In the 1970’s and 80’s there was a breed of Wall Street bottom feeders who dealt primarily in junk bonds and made vast fortunes buying up companies whose value was less than the sum of its parts. It was not good policy. The victimized companies were often sound and profitable businesses. Bought and sold on the scrap heap, workers lost good jobs and industries folded or moved out of the country but the brokers and bankers made money.
It was the age of greed and nobody seemed to care who got hurt. Now we have an entire nation in the process of liquidation and California leads the way. They won’t give up until they’ve sold off our parks, our redwoods, our waterways and public buildings.
Unfortunately neither the people nor anyone in a position of power seems to have a clue. Berkley professor George Lakoff wrote a simple proposal at the heart of the matter. It said, “All legislative action on revenue and budget must be determined by a majority vote.” It would have effectively repealed Proposition 13 and rendered Proposition 16 void. It would not have resolved our deepening crisis but it would have been a start.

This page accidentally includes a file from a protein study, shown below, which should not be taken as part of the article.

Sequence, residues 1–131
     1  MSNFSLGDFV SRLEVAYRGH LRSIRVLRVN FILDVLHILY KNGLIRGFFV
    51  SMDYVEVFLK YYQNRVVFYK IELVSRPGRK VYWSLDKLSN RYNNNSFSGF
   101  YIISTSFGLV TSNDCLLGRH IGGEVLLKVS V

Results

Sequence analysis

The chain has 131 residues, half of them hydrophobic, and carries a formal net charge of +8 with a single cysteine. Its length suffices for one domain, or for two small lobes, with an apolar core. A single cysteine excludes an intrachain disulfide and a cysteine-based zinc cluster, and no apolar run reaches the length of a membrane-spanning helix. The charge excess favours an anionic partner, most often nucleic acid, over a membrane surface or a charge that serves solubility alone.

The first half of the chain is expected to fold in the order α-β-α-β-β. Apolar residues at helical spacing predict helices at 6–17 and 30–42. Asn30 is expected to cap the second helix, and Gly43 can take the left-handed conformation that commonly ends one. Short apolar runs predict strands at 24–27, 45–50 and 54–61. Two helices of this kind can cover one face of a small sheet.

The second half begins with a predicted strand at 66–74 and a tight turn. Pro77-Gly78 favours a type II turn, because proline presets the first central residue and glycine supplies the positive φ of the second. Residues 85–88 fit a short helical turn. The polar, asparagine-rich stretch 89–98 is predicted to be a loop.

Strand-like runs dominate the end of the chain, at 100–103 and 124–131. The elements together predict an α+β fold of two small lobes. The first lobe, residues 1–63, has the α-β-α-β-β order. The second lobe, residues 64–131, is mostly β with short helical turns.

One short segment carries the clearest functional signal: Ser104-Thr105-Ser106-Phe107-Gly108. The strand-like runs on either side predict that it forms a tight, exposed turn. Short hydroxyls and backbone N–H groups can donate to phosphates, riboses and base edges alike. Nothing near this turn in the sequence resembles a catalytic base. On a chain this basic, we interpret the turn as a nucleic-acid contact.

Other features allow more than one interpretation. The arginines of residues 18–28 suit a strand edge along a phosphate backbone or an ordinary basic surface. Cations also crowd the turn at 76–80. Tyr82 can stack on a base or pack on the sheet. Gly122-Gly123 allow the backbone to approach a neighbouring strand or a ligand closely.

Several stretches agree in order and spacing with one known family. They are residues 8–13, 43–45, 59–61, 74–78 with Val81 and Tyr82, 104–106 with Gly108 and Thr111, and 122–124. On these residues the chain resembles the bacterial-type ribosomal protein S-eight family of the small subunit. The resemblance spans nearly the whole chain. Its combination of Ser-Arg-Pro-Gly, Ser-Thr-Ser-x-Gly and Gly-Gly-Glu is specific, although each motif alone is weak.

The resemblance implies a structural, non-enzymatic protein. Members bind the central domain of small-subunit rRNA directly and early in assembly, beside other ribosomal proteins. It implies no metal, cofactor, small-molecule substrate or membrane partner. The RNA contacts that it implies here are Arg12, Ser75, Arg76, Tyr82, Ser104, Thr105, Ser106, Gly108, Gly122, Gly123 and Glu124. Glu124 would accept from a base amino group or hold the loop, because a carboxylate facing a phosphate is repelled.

The Democratic Party killed it with an assist from Attorney General and gubernatorial candidate Jerry Brown on the grounds that it would have been electoral poison.
Respecting Brown’s political moxie there must be some truth in it but the greater truth is that Orwell’s nightmarish vision has come fully into focus. Our perceptions are so dominated by corporate dictates that we can no longer distinguish our interests from corporate interests. If the Democratic Party fears to take a stand in favor of majority rule, then democracy, itself, is imperiled.